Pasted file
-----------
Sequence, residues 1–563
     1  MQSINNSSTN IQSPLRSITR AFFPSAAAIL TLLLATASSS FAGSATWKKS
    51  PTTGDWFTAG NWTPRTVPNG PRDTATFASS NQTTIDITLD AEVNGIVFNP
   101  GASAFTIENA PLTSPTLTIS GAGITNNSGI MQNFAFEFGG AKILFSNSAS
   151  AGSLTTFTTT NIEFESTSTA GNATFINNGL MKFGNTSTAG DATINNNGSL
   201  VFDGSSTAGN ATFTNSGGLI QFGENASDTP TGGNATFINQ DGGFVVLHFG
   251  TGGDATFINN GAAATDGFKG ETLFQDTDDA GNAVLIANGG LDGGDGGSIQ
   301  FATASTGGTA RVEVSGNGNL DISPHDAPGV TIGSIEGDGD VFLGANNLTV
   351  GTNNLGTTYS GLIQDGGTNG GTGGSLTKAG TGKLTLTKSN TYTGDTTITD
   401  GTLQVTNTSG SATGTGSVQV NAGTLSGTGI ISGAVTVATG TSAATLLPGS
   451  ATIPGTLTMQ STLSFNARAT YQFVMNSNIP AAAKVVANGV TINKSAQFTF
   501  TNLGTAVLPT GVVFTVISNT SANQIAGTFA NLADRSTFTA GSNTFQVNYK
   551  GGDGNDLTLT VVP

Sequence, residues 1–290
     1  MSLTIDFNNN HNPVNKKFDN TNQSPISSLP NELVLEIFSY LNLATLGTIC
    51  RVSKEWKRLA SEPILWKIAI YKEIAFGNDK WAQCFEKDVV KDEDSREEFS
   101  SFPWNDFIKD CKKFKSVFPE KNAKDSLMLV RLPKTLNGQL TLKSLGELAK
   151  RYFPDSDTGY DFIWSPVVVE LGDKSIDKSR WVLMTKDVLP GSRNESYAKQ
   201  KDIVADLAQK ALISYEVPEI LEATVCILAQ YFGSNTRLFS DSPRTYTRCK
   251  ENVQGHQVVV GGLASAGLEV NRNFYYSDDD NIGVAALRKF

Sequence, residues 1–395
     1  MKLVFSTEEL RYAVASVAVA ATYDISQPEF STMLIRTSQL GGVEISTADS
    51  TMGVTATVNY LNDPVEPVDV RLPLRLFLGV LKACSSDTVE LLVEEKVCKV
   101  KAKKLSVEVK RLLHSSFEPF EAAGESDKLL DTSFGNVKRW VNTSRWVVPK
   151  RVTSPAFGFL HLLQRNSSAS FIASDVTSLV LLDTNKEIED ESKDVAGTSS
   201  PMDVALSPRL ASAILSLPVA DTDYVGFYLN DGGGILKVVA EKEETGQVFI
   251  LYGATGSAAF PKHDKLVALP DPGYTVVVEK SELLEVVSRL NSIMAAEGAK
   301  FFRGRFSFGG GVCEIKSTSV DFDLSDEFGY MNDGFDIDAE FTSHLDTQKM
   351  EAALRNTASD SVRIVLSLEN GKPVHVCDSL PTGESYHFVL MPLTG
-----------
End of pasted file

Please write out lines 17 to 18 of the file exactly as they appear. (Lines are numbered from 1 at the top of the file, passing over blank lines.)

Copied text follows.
   101  SFPWNDFIKD CKKFKSVFPE KNAKDSLMLV RLPKTLNGQL TLKSLGELAK
   151  RYFPDSDTGY DFIWSPVVVE LGDKSIDKSR WVLMTKDVLP GSRNESYAKQ